The Oxford Companion to Beer definition of
Balling Scale is a measurement (expressed as °Balling) of the concentration of dissolved solids (mainly sugars) in a brewery wort. The concentration of dissolved sugars in the wort is an indicator of the potential alcoholic strength of the beer, as it is those sugars that the yeast will ferment into alcohol. The solids concentration can be measured most simply by using a hydrometer, an instrument used for measuring the specific gravity of a liquid (see hydrometer). Alternatively, the solids concentration of wort can be measured using a refractometer, an instrument for measuring the refractive index of a liquid.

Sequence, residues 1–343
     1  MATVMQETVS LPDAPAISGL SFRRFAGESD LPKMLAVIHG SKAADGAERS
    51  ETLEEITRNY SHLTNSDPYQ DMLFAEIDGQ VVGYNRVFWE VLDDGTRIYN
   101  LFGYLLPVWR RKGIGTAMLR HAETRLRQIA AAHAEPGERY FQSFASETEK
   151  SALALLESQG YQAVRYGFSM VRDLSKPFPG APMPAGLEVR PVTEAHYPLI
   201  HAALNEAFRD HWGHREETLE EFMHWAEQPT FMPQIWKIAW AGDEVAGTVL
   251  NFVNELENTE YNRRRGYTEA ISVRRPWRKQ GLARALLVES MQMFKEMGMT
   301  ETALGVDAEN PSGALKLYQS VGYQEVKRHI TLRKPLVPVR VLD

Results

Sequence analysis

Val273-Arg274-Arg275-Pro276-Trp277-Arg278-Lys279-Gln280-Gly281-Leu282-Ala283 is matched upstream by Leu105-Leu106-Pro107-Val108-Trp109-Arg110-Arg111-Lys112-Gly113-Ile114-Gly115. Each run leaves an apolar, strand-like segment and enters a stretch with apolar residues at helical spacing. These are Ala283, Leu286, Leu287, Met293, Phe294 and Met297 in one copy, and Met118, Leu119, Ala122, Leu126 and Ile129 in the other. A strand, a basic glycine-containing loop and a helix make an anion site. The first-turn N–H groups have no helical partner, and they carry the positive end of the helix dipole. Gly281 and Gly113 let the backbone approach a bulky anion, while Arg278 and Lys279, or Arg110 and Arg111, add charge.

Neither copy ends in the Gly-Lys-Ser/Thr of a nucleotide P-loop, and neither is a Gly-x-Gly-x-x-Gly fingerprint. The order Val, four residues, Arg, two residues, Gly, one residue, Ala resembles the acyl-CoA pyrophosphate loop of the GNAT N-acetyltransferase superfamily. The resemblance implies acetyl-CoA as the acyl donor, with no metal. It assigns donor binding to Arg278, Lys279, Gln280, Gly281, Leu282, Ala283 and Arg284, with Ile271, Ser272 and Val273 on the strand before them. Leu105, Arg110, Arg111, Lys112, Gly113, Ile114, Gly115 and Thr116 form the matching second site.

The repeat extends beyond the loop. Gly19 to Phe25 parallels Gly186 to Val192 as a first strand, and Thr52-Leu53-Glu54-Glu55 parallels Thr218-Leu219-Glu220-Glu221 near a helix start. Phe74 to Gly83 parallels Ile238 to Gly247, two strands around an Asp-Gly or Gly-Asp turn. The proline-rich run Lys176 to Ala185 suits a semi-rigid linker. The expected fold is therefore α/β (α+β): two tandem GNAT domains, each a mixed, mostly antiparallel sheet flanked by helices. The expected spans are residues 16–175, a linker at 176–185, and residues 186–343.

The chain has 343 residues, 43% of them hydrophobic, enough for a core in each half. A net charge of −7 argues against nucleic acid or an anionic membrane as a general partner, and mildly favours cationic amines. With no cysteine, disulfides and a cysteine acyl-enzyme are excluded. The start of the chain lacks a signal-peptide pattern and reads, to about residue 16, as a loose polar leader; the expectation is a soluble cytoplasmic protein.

The measurement scale was devised by the German chemist Karl Balling, who in 1843 established a set of tables relating the weight percentage of sucrose solutions to the specific gravity of the solution at a temperature of 17.5°C (63.5°F). The Balling scale has been largely superseded by the Brix and Plato scales, although all three scales are essentially the same. See plato gravity scale. The Balling and Brix scales are more commonly used in the wine industry to measure the sugar concentration in grape must and are rarely used in commercial brewing, whereas the Plato scale or specific gravity measurement is used to measure wort solids concentration. British brewers use the specific gravity figure multiplied by 1,000 to express wort “gravity”; a specific gravity of 1.048 becomes 1048 or 48 “degrees of gravity.” As an approximation, by dividing the degrees of gravity by four a figure for °Plato, °Balling, or °Brix can be derived, that is, 48 degrees of gravity approximates to 12 °Plato, Brix, or Balling. This, in turn, represents a sugar solution of approximately 12% by weight.